What the sick should know―image
of the body drawn from a health manual of early nineteenth century Japan
In Japan the Edo period
(1603~1867) saw a flurry interest in health. “Byoka-suchi病家須知” is a health
manual (yojo/yangsheng 養生text), written by Hirano Jusei平野重誠 in 1832. It
argues the ways of home nursing, providing practical knowledge of keeping
health and remedies. It is a good example to see how people perceived and took
care of their body in the end of the Edo period. Taking the traditional idea of
yojo as its basis, it particularly emphasises such as the significance of ki (氣qi) circulation,
self-discipline, and the value of forms and daily habits that mould the decent
Above all what makes the
text distinguished is the unusual combinations of Chinese characters and
Japanese kana (pronunciation).
Japanese language system does not employ one-to-one correspondence between
Chinese character and pronunciation. The author took the full advantage of this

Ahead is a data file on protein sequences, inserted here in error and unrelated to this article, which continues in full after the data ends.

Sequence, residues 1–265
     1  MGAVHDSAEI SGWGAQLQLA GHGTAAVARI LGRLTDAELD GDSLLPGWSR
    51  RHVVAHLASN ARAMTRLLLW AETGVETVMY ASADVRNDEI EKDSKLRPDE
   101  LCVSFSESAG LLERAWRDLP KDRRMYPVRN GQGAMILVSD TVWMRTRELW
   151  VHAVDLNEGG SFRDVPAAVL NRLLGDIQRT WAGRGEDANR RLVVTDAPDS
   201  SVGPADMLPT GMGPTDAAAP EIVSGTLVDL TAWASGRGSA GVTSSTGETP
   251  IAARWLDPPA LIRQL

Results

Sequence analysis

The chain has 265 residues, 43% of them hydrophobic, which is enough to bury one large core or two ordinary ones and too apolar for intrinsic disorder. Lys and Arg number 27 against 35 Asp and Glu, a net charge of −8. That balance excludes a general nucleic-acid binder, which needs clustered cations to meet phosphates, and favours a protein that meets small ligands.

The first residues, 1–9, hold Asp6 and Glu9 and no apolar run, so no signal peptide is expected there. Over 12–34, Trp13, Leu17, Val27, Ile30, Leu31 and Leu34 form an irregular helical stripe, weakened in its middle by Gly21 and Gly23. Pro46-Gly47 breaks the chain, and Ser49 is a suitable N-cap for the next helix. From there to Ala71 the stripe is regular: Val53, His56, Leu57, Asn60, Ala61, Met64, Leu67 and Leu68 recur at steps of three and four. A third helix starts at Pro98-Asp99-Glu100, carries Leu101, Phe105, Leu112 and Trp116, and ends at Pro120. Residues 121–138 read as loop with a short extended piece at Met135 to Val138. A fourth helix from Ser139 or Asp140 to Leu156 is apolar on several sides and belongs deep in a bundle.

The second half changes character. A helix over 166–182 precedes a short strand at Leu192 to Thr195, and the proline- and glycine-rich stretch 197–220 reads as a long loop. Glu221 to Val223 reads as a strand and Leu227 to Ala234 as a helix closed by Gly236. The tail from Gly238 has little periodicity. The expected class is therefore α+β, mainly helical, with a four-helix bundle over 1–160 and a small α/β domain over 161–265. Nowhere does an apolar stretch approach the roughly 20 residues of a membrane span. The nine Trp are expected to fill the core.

system and made various matches of these two languages that enabled to broaden
the verbalisation of his medical view. For example, we can see that several
Chinese characters are used for the word ‘karada
(body, 身軆)’; 軀殻(bodily shell), 身軆 (body), 腔子(container), 軆(body), 運輸(transport), 気血(ki and blood), 皮肉(skin and flesh).
They are all read as ‘karada’. Each
example represents the nuance of author’s image of the body in each context.
For instance karada運輸(transport) is
used in arguing digestion or the fear of stagnation of bodily fluid. The body
is seen as a place of transporting here.
It seems that the original
meaning of Chinese character is rather neglected. Yet such method might have an
influence from the trend in Japanese classical literature in the early
nineteenth century. Suggesting that Japanese literature had its origin in oral
tradition, some regarded the existence of Japanese language as a priori. In other words they tried to
treat Chinese character as a mere tool for writing.
Therefore my paper firstly
aims to examine the perception of the body of that time, particularly paying
attention to the nuance expressed in the text. Through this attempt I also hope
to show the entangled relations between the expressiveness of languages and the
variety in images of the body.